When blueberry prices are low in season, try as many blueberry recipes as you can. Photo courtesy Good Eggs.
ABOUT FRUIT SOUP
A fruit soup can be made from fresh or dried fruits and served hot or cold. It can be served as a first course or for dessert. It also can be an intermezzo or palate cleanser between fish and meat courses.
Cold soups tend to be made with seasonal fruit and are thus served in warmer weather. Soups made of dried fruits, such as Norwegian fruktsuppe, made of raisins and prunes, can be served hot or cold in any season.
Fruit soups can be cream soups or purées, with or without the addition of fruit juice.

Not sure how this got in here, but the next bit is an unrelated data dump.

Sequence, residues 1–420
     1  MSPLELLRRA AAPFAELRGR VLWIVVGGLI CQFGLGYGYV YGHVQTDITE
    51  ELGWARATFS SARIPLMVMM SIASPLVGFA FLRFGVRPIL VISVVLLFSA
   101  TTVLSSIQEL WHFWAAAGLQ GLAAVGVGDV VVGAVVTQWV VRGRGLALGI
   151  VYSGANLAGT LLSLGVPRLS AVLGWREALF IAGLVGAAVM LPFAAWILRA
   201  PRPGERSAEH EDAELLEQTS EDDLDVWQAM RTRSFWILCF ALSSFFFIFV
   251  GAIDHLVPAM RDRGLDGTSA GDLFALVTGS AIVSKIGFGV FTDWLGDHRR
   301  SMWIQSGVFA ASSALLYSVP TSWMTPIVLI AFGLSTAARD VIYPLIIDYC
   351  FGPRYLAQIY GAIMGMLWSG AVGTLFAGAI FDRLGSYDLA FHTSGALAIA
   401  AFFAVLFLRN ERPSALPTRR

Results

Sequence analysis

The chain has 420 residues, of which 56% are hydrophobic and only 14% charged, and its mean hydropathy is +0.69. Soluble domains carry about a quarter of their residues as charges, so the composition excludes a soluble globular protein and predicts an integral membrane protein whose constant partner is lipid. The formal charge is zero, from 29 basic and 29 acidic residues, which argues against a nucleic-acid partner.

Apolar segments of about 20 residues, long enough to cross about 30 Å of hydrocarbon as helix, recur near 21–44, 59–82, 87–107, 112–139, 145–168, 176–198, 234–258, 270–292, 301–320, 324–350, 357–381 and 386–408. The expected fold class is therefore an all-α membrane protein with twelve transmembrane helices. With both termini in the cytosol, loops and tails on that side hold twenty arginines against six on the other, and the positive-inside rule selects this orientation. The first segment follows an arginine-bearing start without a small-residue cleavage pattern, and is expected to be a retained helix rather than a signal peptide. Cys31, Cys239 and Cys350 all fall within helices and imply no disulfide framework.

They can include alcohol, such as brandy, champagne, Port or wine.
Sweet fruit soups can include meat; and in at least one instance, a fruit soup can be completely savory, like the Chinese winter melon soup. Technically, cucumber, which makes a delicious chilled soup, is also a fruit (it’s related to watermelon); but it’s treated as a vegetable in Western cuisine.
Fruit soup can be garnished with fresh cheese, such as fromage blanc or mascarpone; with cultured creams such as crème fraîche, sour cream and yogurt; and with ice cream or sorbet.
Examples of dessert soups from other cultures include etrog, a citron soup eaten during the Jewish feast of Succoth; ginataan (guinataan), a Filipino soup made from coconut milk, fruits and tapioca; and oshiruko, a Japanese soup made from the adzuki bean (the same bean used to make red bean ice cream).
Check out the history of soup and the different types of soup in our Soup Glossary.